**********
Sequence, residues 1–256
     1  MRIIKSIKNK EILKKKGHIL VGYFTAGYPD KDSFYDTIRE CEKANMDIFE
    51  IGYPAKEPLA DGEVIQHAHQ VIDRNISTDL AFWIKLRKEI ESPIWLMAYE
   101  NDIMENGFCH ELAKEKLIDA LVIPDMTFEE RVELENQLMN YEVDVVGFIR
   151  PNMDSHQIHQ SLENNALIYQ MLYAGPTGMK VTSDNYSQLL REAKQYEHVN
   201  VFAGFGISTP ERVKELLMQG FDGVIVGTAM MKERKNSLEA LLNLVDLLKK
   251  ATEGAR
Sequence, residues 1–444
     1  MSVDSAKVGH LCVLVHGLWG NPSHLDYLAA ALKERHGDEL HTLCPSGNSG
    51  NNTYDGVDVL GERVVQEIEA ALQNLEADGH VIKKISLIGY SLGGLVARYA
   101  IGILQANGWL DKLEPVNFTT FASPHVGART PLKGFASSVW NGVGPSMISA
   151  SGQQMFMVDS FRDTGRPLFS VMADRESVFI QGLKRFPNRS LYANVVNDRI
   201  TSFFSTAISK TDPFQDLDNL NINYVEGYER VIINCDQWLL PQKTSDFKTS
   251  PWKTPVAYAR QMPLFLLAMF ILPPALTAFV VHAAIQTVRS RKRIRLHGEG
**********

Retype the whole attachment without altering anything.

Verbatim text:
Sequence, residues 1–256
     1  MRIIKSIKNK EILKKKGHIL VGYFTAGYPD KDSFYDTIRE CEKANMDIFE
    51  IGYPAKEPLA DGEVIQHAHQ VIDRNISTDL AFWIKLRKEI ESPIWLMAYE
   101  NDIMENGFCH ELAKEKLIDA LVIPDMTFEE RVELENQLMN YEVDVVGFIR
   151  PNMDSHQIHQ SLENNALIYQ MLYAGPTGMK VTSDNYSQLL REAKQYEHVN
   201  VFAGFGISTP ERVKELLMQG FDGVIVGTAM MKERKNSLEA LLNLVDLLKK
   251  ATEGAR
Sequence, residues 1–444
     1  MSVDSAKVGH LCVLVHGLWG NPSHLDYLAA ALKERHGDEL HTLCPSGNSG
    51  NNTYDGVDVL GERVVQEIEA ALQNLEADGH VIKKISLIGY SLGGLVARYA
   101  IGILQANGWL DKLEPVNFTT FASPHVGART PLKGFASSVW NGVGPSMISA
   151  SGQQMFMVDS FRDTGRPLFS VMADRESVFI QGLKRFPNRS LYANVVNDRI
   201  TSFFSTAISK TDPFQDLDNL NINYVEGYER VIINCDQWLL PQKTSDFKTS
   251  PWKTPVAYAR QMPLFLLAMF ILPPALTAFV VHAAIQTVRS RKRIRLHGEG